Barefoot In the Grass was the first novel ever published by Harlequin Books to feature a heroine who’d had a mastectomy. It was included in RT Book Reviews’ list of the best romance novels of all time, and I received significantly more reader mail from that one novel than all my other books combined. I’ve heard from readers all around the world telling me that Barefoot In the Grass saved their lives, or gave them the courage to keep going. I’ve fielded countless requests for copies of the book from people whose sisters, cousins, mothers and BFF’s have been diagnosed with breast cancer. But my supply of the novel has dwindled to only a few copies; I can no longer provide the book to readers who need to read it. And it has been out of print in North America since shortly after it was published in 1996.

So I decided to start my excellent adventure in e-book publishing with those two novels. In addition to wrestling them into the proper (I hope!) format, I’ve updated them in minor ways. In Cry Uncle, the juke box in Joe’s bar no longer plays Madonna songs. (I was tempted to remove the juke box altogether, but it lent the joint a nice retro feel, so I left it standing in a dimly lit corner of the barroom. I did remove the pay phone from the back hall, though.) In Barefoot In the Grass, I allowed Beth, my brave, healing heroine, to dress a little more casually than she did back in 1996, when lawyers like her were expected to wear suits every day. I hired a talented graphic artist to design new covers for the books.

Then I uploaded both books to Amazon’s Kindle Store, Barnes & Noble’s Nook Store and Smashwords, which services an assortment of e-reading devices. The upload process was Not Fun. Each book took weeks to get from upload to bookstore, and I often found myself spewing words I don’t generally write in my books.

But I’ve done it. The books are back in print—or perhaps I should say, back in the new, technologically mind-boggling version of publication that used to be called print. Another out-of-print novel of mine, a RITA ® finalist titled Safe Harbor, is currently being processed by Kindle, Nook and Smashwords and will soon join Cry Uncle and Barefoot In the Grass in e-book land.

And I, the Queen of the Technophobes, did it. I brought two of my best novels back to life for new readers to discover and long-time readers to rediscover, with a third on the way and more to follow. I’d like to think that in time the trepidation and angst will fade away, but I doubt it. The thing is, I’m willing to face down my high-tech fears and phobias if it means that readers will once again be able to enjoy my out-of-print books.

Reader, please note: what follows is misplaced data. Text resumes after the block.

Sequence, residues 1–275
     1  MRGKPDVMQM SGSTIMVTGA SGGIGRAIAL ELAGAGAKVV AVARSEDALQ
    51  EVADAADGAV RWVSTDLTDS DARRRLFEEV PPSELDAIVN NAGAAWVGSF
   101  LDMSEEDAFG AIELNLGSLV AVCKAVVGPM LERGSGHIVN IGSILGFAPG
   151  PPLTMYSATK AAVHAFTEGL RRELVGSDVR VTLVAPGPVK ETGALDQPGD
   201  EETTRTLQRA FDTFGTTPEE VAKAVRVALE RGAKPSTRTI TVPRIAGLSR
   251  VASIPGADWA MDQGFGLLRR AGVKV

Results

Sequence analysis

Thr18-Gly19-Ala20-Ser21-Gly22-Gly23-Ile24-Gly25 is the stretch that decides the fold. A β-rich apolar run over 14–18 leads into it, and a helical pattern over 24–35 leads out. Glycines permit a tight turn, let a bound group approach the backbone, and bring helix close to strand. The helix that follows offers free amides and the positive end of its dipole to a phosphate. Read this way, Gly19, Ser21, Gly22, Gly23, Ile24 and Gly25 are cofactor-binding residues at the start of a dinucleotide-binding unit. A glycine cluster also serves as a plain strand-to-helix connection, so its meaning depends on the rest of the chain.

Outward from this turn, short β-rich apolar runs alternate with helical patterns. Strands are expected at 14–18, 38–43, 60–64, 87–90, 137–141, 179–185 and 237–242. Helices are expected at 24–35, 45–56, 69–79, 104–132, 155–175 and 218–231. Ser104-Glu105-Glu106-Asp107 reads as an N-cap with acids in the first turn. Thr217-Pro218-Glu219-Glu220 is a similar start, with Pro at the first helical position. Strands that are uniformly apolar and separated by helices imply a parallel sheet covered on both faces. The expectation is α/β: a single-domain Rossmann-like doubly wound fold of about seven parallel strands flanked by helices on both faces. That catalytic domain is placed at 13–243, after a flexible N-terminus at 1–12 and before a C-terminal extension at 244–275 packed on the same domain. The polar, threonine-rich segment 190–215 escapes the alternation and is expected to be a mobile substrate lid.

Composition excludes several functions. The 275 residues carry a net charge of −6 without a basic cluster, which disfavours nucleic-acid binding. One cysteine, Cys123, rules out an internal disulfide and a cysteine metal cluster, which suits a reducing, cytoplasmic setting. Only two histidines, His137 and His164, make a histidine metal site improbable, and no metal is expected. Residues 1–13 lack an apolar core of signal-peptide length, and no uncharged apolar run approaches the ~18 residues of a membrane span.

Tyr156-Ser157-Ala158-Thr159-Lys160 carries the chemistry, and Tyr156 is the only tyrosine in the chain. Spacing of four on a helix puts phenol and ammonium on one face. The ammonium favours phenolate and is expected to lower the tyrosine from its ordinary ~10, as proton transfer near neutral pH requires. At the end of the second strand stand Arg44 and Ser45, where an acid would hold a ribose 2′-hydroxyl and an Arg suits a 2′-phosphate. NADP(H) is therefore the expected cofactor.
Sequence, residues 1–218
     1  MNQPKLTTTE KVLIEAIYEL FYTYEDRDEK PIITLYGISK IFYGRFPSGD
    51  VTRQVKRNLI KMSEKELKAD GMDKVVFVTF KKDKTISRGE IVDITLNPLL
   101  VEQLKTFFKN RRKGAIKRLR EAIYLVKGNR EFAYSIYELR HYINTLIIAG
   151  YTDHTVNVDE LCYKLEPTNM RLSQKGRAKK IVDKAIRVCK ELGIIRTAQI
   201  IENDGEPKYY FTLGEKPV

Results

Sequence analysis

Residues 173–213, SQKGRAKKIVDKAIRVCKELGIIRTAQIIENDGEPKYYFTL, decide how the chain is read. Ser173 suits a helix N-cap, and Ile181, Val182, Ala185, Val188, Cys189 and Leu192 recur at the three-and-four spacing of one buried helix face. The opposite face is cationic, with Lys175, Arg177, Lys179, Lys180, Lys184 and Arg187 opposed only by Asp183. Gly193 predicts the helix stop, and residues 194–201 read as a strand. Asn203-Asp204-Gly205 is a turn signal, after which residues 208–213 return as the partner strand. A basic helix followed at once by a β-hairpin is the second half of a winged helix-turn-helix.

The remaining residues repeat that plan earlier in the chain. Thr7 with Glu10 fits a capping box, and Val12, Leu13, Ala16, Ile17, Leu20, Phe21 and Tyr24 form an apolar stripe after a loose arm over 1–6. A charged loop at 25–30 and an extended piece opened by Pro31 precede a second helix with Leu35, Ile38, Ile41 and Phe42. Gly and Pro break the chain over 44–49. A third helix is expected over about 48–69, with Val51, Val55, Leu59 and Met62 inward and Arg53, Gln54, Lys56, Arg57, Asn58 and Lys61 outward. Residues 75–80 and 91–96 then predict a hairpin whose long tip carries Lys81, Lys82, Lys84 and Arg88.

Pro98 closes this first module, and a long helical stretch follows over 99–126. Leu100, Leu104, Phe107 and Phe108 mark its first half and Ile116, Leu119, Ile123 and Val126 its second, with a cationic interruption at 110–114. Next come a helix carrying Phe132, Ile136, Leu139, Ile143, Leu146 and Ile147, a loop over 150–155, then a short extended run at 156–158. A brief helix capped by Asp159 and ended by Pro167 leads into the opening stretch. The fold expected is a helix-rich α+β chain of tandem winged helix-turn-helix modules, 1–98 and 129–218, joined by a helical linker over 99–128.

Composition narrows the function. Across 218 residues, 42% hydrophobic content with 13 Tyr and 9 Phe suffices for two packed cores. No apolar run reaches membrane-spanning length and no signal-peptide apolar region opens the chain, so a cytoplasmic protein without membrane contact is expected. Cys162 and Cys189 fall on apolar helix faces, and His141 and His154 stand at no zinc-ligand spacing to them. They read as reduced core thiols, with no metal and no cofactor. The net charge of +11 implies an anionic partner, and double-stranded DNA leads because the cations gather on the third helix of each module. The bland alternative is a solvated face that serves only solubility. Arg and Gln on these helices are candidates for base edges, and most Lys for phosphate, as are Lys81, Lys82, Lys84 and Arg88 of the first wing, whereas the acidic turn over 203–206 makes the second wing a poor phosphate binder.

Judith Arnold is the award-winning, bestselling author of more than eighty-five novels (after eighty, she stopped counting.) Married and the mother of two sons who know a whole lot more about gee-whiz high-tech stuff than she does, she lives in Massachusetts. You can learn more about her and her books—including links to buy her newly reissued ebooks—at her website:


  1. So true, this. A few friends from my writing group were blessed to have lunch with Sonny Brewer after his reading at Off Square Books in Oxford, Mississippi, on Friday. (He was signing "Don't Quit Your Day Job," a wonderful new anthology that he edited.) We asked Sonny about his take on the whole eBook thing. He told us the story of an older woman in Fairhope (where he lives) who couldn't get her book published by traditional publishers but recently got it out there in eBook form. Sonny reminded us that books, that WORDS, will survive as technology and industry change, and we have to be ready for those changes and not fight them. Good post, Judith.

  2. I'm hearing more and more positive e-book stories. It seems the perfect avenue for out of print books. Congratulations to you for not only tackling the techno end of it, but for breathing new life into your wonderful books!

  3. I've been curious about Smashwords and others and wondered how easy it was to get a book published that way. It does sound like work, but it also sounds as if it's worth the effort. What a great way to please existing fans as well as to draw in new fans!

  4. Whoa. I'm still getting over the shock that you've written 85 novels! I don't think I've written 85 notes to the teacher or even 85 shopping lists. I'm so impressed. But then to go commando on the E-reader biz and do it in spite of your techno-fears, now I am very inspired! I'm so glad you wrote this post and am going to save it in my if-she-can-do-it-so-can-I file.

    Continued success for you Judith. You deserve to be rediscovered!!!!

  5. Fantastic news, Judith. As a fellow anti-techno queen, I can affirm that the e-revolution has begun. Right now, I have no less than 4 novels on the Kindle app for my cell phone. Who'd a thunk it?

    Looking forward to sampling your "vintage" reads.

  6. Good for you!!! IT's a brave new world out there, and you are so smart to be part of it!